Despite best efforts by rheumatologists and patients to find an effective arthritis treatment and management strategy, there are still many patients who seek additional relief for chronic symptoms. It’s alarming that so many arthritis patients use medical marijuana and cannabidiol products in the absence of high quality evidence about their safety, effectiveness, and appropriate dosing. This underscores the urgent need to conduct randomized, controlled trials to study their effectiveness at addressing symptoms common to arthritis as well as their potential to interact with other medications. Moreover, it’s concerning that patients may not be discussing their use of these products to augment or replace other arthritis treatments with their health care team.”W. Benjamin Nowell, Ph.D., Director of Patient-Centered Research at CreakyJoints and an ArthritisPower co-principal investigator and poster author Jun 20 2019On June 13, CreakyJoints®, a Global Healthy Living Foundation patient community, will present a poster at the Annual European Congress of Rheumatology (EULAR 2019) meeting in Madrid, Spain. Two additional abstracts were accepted for publication.The poster titled, “Patients’ Perceptions and Use of Medical Marijuana,” found that more than half (57.3%) of arthritis patients (N=1,059) have reported trying marijuana (THC) and/or cannabidiol (CBD) products for a purpose they perceived as medical. Of those who use THC regularly for medical reasons 62 percent reportedly use THC at least once daily. Among the most commonly cited reasons for stopping use were illegality (31.2%) of THC and cost (32.5%) of CBD. Despite those barriers, most participants who tried THC or CBD said that it improved their symptoms (THC= 97.1%, CBD=93.7%) and/or their condition (THC= 96.1%, CBD=93.1%). Pain and sleep disturbance were the main symptoms participants sought to relieve with these products and many used them in lieu of prescribed or over-the-counter medications. Related StoriesStill-to-be-approved drug proves to be new option for treating active rheumatoid arthritisResearchers develop NO-scavenging hydrogel for treatment of rheumatoid arthritisPromising methods for early detection and treatment of rheumatoid arthritisThe survey found that only two-thirds (64.6%) of participants reported telling their HCP about their THC or CBD use and of those more than half did not receive any information from their healthcare provider about safety, effectiveness or dosing, possibly because such little research is available. Of those that did receive advice, most reported that their HCP did not consider their use of THC or CBD when making other treatment changes. Whether they had used THC or CBD for medical reasons or not, most patients (THC=65.5%, CBD=55.6%) expressed wanting more information about them, including on their effectiveness and interaction with other medications from their health care provider or online educational resources.Utilizing the ArthritisPower® research registry, which now includes more than 19,000 consented participants, the 77-item survey included 1,059 participants who were ≥ 19 years old, lived in the United States, and reported physician-diagnosed rheumatoid or musculoskeletal disease. The survey also required participants to report their current health status (NIH PROMIS Global Health), use and perceptions of THC/CBD, and related information needs. The complete survey results are available in the poster, upon request.Overview of CreakyJoints data at EULAR 2019 Patients’ Perceptions and Use of Medical Marijuana Identifier: THU0644 Poster presentation: June 13, 2019 at 11:45 a.m. CET The Patient Experience: A Process Evaluation of a Pilot Pragmatic Using Remote Monitoring of Symptoms Identifier: AB1284, published abstract Patient Preferences for the Use of Digital Tools and Social Media in Diet and Exercise Interventions Identifier: AB1222, published abstract Source:CreakyJoints read more
Being a couch potato: Not getting enough physical activity or too much bed rest following an injury, illness or surgery weakens bones over time. This article is for informational purposes only and is not meant to offer medical advice. by Taboolaby TaboolaSponsored LinksSponsored LinksPromoted LinksPromoted LinksYou May LikeVikings: Free Online GamePlay this for 1 min and see why everyone is addicted!Vikings: Free Online GameUndoTruthFinder People Search SubscriptionOne Thing All Liars Have in Common, Brace YourselfTruthFinder People Search SubscriptionUndoGundry MD Total Restore SupplementU.S. Cardiologist: It’s Like a Pressure Wash for Your InsidesGundry MD Total Restore SupplementUndoKelley Blue Book2019 Lexus Vehicles Worth Buying for Their Resale ValueKelley Blue BookUndoLivestlyThe List Of Dog Breeds To Avoid At All CostsLivestlyUndoBirch Gold GroupThis IRS Tax Law is Sweeping the U.S.Birch Gold GroupUndo Download a helpful brochure from Osteoporosis Canada on managing osteoporosis through exercise. Sex: Women are more likely to develop osteoporosis than men, because women have less bone tissue and lose bone faster after menopause. Osteoporosis is a common disease that makes bones weak, thin, brittle and more likely to break. The condition typically occurs in women after menopause and can increase the risk of fractures, especially in the hip, spine and wrist, according to the National Institutes of Health. The condition is often called a “silent disease” because bone loss can happen slowly and without any warning signs. People may not be aware they have osteoporosis until they break a bone, lose height or develop hunched posture. About 10 million Americans have osteoporosis, and another 44 million have low bone mass, or osteopenia, placing them at increased risk for osteoporosis, according to the National Osteoporosis Foundation.Advertisement There are a number of factors that may lead to osteoporosis, said Dr. Harold Rosen, an endocrinologist and director of the Osteoporosis Prevention and Treatment Center at Beth Israel Deaconess Medical Center in Boston. One such factor is the accelerated bone loss that occurs after menopause, he said. Men also lose bone as they age, normally once they’re in their 60s and 70s, Rosen said. Some men think osteoporosis affects only women, but it strikes men too, he explained. Low calcium intake and low vitamin D levels in the body can also lead to bone loss, Rosen told Live Science. The body needs a good supply of calcium and other minerals to form bone, and vitamin D helps absorb calcium from food and incorporate the nutrient into bone. In addition, unhealthy habits, such as smoking and excessive drinking, can speed up bone loss, he said. Bone Density Decreases in SpaceBone loss is a serious issue that has plagued astronauts since the dawn of the Space age. In the microgravity environment bones are remodeled with a decrease in mineral density. Good nutrition, increased vitamin D intake and exercise are used to battle the issue aboard the ISS.Volume 0%Press shift question mark to access a list of keyboard shortcutsKeyboard Shortcutsplay/pauseincrease volumedecrease volumeseek forwardsseek backwardstoggle captionstoggle fullscreenmute/unmuteseek to %SPACE↑↓→←cfm0-9接下来播放Better Bug Sprays?01:33关闭选项Automated Captions – en-US facebook twitter 发邮件 reddit 链接https://www.livescience.com/65900-osteoporosis.html?jwsource=cl已复制直播00:0002:4102:41Your Recommended Playlist01:33Better Bug Sprays?04:24Sperm Whale Befriends Underwater Robot01:08Why Do French Fries Taste So Bad When They’re Cold?00:29Robot Jumps Like a Grasshopper, Rolls Like a Ball00:29Video – Giggly Robot02:31Surgical Robotics关闭 Family history: People whose parents had a hip fracture may be more likely to develop the disease. How bone changes over time The body is continually breaking down small areas of old bone tissue, a process called bone resorption, and replacing that old tissue with new bone tissue. During childhood and adolescence, new bone is deposited faster than old bone is removed. This makes bones larger, heavier and denser. Peak bone mass, or when bones reach their maximum density and strength, typically occurs around age 30 for both sexes. Around age 35, bone breakdown occurs faster than the replacement by new bone, causing a gradual loss of bone mass, according to the National Institute on Aging. Women undergo more-rapid bone loss in the first few years after menopause (around age 51) than in their 30s and 40s because the ovaries produce much less estrogen, a hormone that protects against bone loss, according to The American College of Obstetricians and Gynecologists. Men in their 50s and 60s also start to lose bone mass, but at a slower rate than women do. It’s not until ages 65 to 70 that men and women begin losing bone mass at about the same rate. For that reason, osteoporosis is more common in women. The condition affects about 25% of women and 5% of men ages 65 and over, according to the Centers for Disease Control and Prevention. Can osteoporosis be prevented? The more bone a person builds early in life, the better that individual can resist bone loss later on. Prevention should start when people are younger, during their peak bone-building years, with the following steps, according to the National Osteoporosis Foundation: Getting regular weight-bearing exercise. Ethnicity: White and Asian women have the highest risk of osteoporosis, while African American and Hispanic women have a lower risk. Nutrition: Eating a diet that’s low in calcium and vitamin D increases osteoporosis risk. Maintaining a healthy lifestyle, such as avoiding smoking and limiting alcohol consumption, reduces bone loss. Review this list of calcium-rich foods from the University of California, San Francisco Medical Center. Osteoporosis treatment and medications People with advanced osteopenia as well as those with osteoporosis need medication to reduce their risk of fractures. Bisphosphonates are usually the first drugs used to treat osteoporosis, but while they help slow bone loss, they don’t help build new bone. These drugs include alendronate (Fosamax), risedronate (Actonel) and ibandronate (Boniva). Studies have shown that alendronate can reduce the risk of spine and hip fractures by up to 50%, Rosen said. Once a person has started treatment for osteoporosis, bone-density testing should be repeated every two to three years to monitor how the density is changing and whether treatment is working, Rosen said. For severe osteoporosis, patients may need one of three medications given by injection that actually build new bone, Rosen said. These include teriparatide (Forteo), abaloparatide (Tymlos) and romosozumab (Evenity). But after a year on these bone-building drugs, a patient needs to take bisphosphonates; otherwise, all the bone-density gains will be lost, Rosen said. In addition to medication, people with osteoporosis should aim to include 1,200 milligrams of calcium a day in their diet, from food or supplements (preferably calcium citrate), Rosen said. He also recommends taking 1,500 to 2,000 International Units (IU) of supplemental vitamin D each day. Being physically active is also beneficial for people with osteoporosis. Rosen recommends regular workouts that include weight-bearing aerobic activity, as well as strength training, balance and posture exercises. Additional resources: Osteoporosis bones are porous and weak compared to healthy bones that are more dense. Credit: Shutterstock Medical problems: Numerous health conditions and diseases can also increase a person’s risk for osteoporosis. Medications: Using certain drugs on a long-term basis can lead to bone loss. These medicines include corticosteroids, such as prednisone; heparin, a blood thinner; selective serotonin reuptake inhibitors (SSRIs), a class of antidepressants; and aromatase inhibitors, used to treat breast cancer. Body size: Petite and thin people are at greater risk of this condition because they have less bone to lose than people with larger frames and more body weight. Osteoporosis risk factors The following factors can increase a person’s risk of developing osteoporosis, according to the Cleveland Clinic. Weight-bearing exercise can help keep bones strong and prevent or slow osteoporosis progression. Credit: Shutterstock Learn more about osteoporosis in men from the National Institutes of Health. Unhealthy habits: Smoking and consuming too much alcohol can both increase bone loss. Consuming adequate amounts of foods rich in calcium and vitamin D throughout life. Age: Bones typically become thinner and weaker with age. Osteoporosis symptoms and diagnosis Osteoporosis may cause no symptoms in its early stages, and as a result, the disease can go unnoticed for decades. Some visible signs of osteoporosis may be a loss of height and a curve in the upper back, which may cause stooped posture. A “dowager’s hump” may occur when several vertebrae collapse from osteoporotic fractures in the spine. Other symptoms may include back pain, from a fracture or a collapsed vertebra in the spine, or tooth loss, if osteoporosis has affected the jawbone. Hip fracture is another serious consequence of osteoporosis. About 20% of older adults who fracture a hip die within one year from complications of the broken bone or the surgery needed to repair it, according to the National Osteoporosis Foundation. Doctors may perform a bone mineral density (BMD) test to determine if a patient has osteoporosis, according to the Mayo Clinic. The test uses a special X-ray machine to measure the mineral content at three different bone sites, typically the hip, the spine and the top of the femur. The scan can reveal if a person has low bone mass at any of these three bone sites by comparing the patient’s bone density to the normal bone density in a healthy 30-year-old person of the same sex. BMD testing is recommended for women who are 65 or older and for women 50 to 64 who have certain risk factors for the disease. Men over the age of 70 or younger men with risk factors should also be screened for osteoporosis. read more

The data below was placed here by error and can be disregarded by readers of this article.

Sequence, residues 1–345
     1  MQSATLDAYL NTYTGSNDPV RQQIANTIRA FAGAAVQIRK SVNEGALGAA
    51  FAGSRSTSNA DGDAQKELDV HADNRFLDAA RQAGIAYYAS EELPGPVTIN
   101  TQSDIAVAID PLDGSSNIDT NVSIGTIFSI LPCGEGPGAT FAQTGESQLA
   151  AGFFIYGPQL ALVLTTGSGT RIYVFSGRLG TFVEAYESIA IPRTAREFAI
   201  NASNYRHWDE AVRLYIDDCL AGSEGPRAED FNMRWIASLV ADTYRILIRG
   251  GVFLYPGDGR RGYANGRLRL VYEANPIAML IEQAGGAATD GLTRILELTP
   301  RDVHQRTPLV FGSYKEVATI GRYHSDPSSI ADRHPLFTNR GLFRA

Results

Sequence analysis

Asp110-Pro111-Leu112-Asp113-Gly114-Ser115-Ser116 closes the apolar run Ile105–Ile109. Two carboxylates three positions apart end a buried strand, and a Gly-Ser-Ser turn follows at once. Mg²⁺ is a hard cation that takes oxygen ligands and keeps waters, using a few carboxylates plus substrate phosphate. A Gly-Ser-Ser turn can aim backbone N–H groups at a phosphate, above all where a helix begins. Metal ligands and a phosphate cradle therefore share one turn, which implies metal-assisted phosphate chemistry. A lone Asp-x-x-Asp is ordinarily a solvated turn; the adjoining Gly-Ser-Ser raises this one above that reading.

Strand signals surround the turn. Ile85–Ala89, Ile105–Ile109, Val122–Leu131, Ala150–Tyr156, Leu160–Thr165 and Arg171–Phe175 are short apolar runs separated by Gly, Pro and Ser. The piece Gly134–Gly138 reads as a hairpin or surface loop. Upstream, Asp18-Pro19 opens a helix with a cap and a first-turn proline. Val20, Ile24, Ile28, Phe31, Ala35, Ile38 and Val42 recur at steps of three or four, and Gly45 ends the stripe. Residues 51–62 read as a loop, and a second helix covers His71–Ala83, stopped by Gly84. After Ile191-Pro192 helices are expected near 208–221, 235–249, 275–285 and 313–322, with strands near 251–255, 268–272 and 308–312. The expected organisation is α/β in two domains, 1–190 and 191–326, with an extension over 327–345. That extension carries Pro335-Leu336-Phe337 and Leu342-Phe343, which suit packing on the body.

A day after the All India Anna Dravida Munnetra Kazhagam (AIADMK) and the BJP inked their seat-sharing formula, the Dravida Munnetra Kazhagam (DMK) and the Congress on Wednesday announced their pre-poll pact to fight the upcoming Lok Sabha elections in Tamil Nadu and Puducherry.Under the agreement, the Congress party has been given nine seats in Tamil Nadu and one in Puducherry.Deciding constituenciesThe two parties finalised only the number of seats under the alliance; the constituencies will be decided after completing the seat-sharing deals with other alliance partners, said DMK President MK Stalin here.He said the DMK would begin its seat-sharing discussion in the coming days with other parties which supported it in taking up various issues in the past two years.Referring to the plans for by-poll for 21 Assembly constituencies, Stalin said the decision would be taken once the Election Commission notifies it.Answering a question on whether there would be a possibility for film actor Vijayakanth-led Desiya Murpokku Dravida Kazhagam (DMDK) to join the DMK-Congress alliance, Stalin indicated there were no talks with the DMDK.It is learnt that the BJP and the DMDK were continuing their discussion for seat-sharing under the AIADMK-BJP alliance, in which the Pattali Makkal Katchi has already sealed a deal.‘Other parties may join’Parties such as the CPI, the CPI(M), the Indian Union Muslim League and the Viduthalai Chiruthaigal Katchi are expected to be part of the DMK-Congress alliance.In 2014, both the DMK and the Congress failed to win any Lok Sabha seat in the State. Tamil Nadu national elections COMMENT Cong gets 9 seats in Tamil Nadu, 1 in Puducherry SHARE Published on February 20, 2019 SHARE SHARE EMAIL COMMENTS read more